Ashlynne Vince


Tell us your real names, country of birth, date of birth and childhood experience.

Ashlynne Vince

Born in Welland, ON, Canada

June 19, 1997

One of my earliest memories of performing was when I got to be Mary in the Christmas play at church. All I had to do was hold the baby doll….but I did it with all my heart and almost squished baby Jesus. Something I remember is the feeling of having all eyes on you when you’re on the stage, knowing that the audience is waiting to see what you will do next….that feeling has stayed with me.





Tell us about your music career, band name, musical background, experience and skills.

I started singing at open mics when I was 13 years old. When I was 15 I was chosen to join an established Tribute Act as their opener in a Taylor Swift Tribute. This was my first taste at making a little money while I did what I love to do the most! At 15 my mom brought me to Nashville where she paid the bands to let me get up and sing….now, 5 years later, I AM THE BAND ….I perform daily on Lower Broadway in Nashville at Tootsies, Rippys or Honky Tonk Central.

When I was 16, I wrote enough of my own original songs to put together an album, which I recorded in Nashville at Catch This Music (CTM Studios). I worked with some of the top session players in town – Guthrie Trapp, Rory Hoffman, Paul Kramer, Steve Holland (to name a few).

At 17, I was signed to Plateau Music and briefly tested the pop world. I released 2 songs to radio, both made it on the top 40 Billboard Indicator Charts and stayed there for 8 weeks. As a result of my pop music life, I became a member of the Recording Academy and attended the 58th Grammys, by invitation.

By 18, I realized that I needed to stay true to my roots, and my musical roots, so I re-visited country music and have released 3 songs to Canadian Country Radio with my fourth scheduled to come out in January, 2018.

During the time I was 18, 19 ;I performed as one of the Clifton Hill Niagara Falls artists…. I played daily at one of these venues during the summer months –  Hard Rock Café, Kelseys, Niagara Brewing Company, the Hilton, the Sheraton, or on  Coca-Cola Stage

Although I now live full-time in Nashville, I remain true to my Canadian roots.





Tell us about your genre, concept and idea behind your music video and the song.

The song, “No Boys Allowed”, was written by my mom and I. We often write together – I come up with the riff, and beginning of the lyrics, and she usually helps my fix the language up (she’s an English teacher). “No Boys Allowed” is a song about the girls having a night out on the town without the boys…..because all the boys and men in my life seem to have quite a few “nights out with the boys”, and it seems as though the only time the women went out was when they were with the boys….so that concept is an attempt at a funny way to address equality.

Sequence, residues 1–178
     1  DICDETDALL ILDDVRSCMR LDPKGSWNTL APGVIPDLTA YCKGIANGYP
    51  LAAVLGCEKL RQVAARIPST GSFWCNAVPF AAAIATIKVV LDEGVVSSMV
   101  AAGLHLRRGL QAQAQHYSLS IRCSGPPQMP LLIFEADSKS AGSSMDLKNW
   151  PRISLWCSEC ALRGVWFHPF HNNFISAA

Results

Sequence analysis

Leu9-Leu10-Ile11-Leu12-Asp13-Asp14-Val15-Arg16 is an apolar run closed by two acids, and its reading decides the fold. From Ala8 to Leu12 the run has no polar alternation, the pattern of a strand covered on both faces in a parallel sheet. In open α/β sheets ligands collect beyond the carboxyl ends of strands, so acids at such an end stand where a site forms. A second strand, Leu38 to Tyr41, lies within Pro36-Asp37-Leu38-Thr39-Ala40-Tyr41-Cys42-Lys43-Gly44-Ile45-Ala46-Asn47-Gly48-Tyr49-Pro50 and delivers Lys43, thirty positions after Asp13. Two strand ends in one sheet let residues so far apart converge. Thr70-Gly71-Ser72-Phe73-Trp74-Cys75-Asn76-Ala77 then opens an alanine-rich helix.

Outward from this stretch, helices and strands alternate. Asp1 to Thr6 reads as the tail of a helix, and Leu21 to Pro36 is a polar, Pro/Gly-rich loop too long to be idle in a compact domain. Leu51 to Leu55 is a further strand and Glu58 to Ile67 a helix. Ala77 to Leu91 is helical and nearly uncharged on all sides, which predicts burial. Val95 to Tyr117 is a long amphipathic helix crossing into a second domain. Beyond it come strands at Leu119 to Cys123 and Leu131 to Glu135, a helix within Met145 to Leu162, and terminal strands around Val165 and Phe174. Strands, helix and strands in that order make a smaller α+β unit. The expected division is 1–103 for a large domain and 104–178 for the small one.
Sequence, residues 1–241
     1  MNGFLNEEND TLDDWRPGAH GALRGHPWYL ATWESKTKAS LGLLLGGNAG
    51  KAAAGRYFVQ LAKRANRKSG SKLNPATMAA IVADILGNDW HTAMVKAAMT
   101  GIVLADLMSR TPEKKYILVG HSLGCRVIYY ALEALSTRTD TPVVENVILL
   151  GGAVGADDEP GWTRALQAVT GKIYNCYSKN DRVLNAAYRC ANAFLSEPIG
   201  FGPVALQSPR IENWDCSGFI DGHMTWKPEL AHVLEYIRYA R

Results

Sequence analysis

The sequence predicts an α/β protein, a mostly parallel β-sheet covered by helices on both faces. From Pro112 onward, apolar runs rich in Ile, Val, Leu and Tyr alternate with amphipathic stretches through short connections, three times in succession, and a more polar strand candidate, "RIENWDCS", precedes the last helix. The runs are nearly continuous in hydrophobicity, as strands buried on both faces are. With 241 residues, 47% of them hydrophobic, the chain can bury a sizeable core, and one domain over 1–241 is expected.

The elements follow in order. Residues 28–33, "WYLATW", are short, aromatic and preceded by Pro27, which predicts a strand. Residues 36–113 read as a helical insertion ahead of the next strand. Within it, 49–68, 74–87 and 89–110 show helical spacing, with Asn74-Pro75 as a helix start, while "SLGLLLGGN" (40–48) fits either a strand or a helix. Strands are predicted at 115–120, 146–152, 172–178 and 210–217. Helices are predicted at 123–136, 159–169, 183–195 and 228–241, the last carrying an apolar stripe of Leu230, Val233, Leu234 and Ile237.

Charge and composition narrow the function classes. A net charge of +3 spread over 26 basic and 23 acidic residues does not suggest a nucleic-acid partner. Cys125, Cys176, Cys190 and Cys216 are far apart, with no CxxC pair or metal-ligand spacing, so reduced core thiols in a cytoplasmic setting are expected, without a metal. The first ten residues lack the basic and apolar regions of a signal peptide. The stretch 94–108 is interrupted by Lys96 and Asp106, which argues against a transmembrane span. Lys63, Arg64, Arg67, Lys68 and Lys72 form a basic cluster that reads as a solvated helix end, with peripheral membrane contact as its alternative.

The video was formed in my hometown of Welland and at the local bar where my dad and brothers like to hang out. The concept is that in this situation, the boys find out the ladies are going out and they try to find a way to be included.

The genre is country music –

This song and video gained me a spot to open for Brett Kissel on his Ice, Snow, 30 Below Tour. Brett has been the CCMA Male Vocalist of the year in Canada for the past 2 years.





Tell us everything that we need to know about you as a musician and the ups and downs you have faced in the music business.

The ups in music are the other musicians and artists that you meet along the way – the downs in the business are the musicians and artists that you meet along the way.

I’ve been very fortunate to work with a solid group of artists and musicians – people that have continued to support me and encourage me. There have been many mentors along the way who have given me great advice, and really taken the time to help me learn and perfect my craft. However; I have run across a few who work very hard to tear down, or try to discourage, not only me, but others who are working hard to be successful at their art. Perhaps it’s a very competitive field, and this can create an environment of (jealousy, gossip etc).  But I have learned that it’s a small circle, and the worst thing that an artist could do would be to burn bridges. So I work hard at being as supportive as possible to other artists, to sharing what I know and what I am learning, to buy CDS and show that type of support, and to attend venues that are playing live music. I think these principles apply to life – not only to music. Choose Kind.





Tell us about other members of your band, music producer, crew or music video director, how the song was recorded and how the music video was shot.

“No Boys Allowed” was produced by Dean Malton. I’ve worked with Dean on several projects and he has such a range of experience in the music field, not only is he a producer, but he’s also a song-writer and a performer. He also is the house engineer for Dead Mau5 – which is a completely different genre, but shows his diversity.

We used Shane Gussey on the track – Shane won special instrument of the year at the CCMAs for the past several years. He’s amazing. All of the musicians on the session are very talented and they are all Canadians.





Tell us how long you have been in the music industry, your experience and your future goal.

I’ve been working professionally, for the last 4 years. I have reached a few of my goals which were to put out an album with my original work, to release to radio in both the USA and Canada, and to find full-time work as one of the performers in Nashville. In the future, I would love to get onto a tour with a prominent Canadian Country artist. Although I have performed in the summer Festival circuit, I haven’t been on a tour yet, so that’s the next thing I am working towards.





Tell us what inspires you to write, compose and sing.

Real life inspires me. My songs are experiences I have had or would like to have. Music is an expression and an extension of who I am. If you wonder what’s going on in my life….just listen to my songs.





Tell us the secret behind making a hit song.

Of course you have to consider catchy music (ear-worms) and a catchy tag line, or hook….but I think the real key is to write in such a way that the entire audience identifies with an aspect of truth in what you’re saying. They need to be able to relate. They need to feel as though the song perfectly expresses what they feel but haven’t been able to put into words.





Tell us the message you will like to pass to your fans out there.

I think people need to know that they have value and each person has a unique gift. I come from a family of 4 kids. My mom home-schooled us for part of our education and she really made sure we all knew that we each had something individual to pursue. As a result, my older brother went to law school, my next brother is a hard worker and just bought his first house at the age of 21, me – I have my music, and my younger sister is the athlete and plays on high level travel teams for soccer and basketball.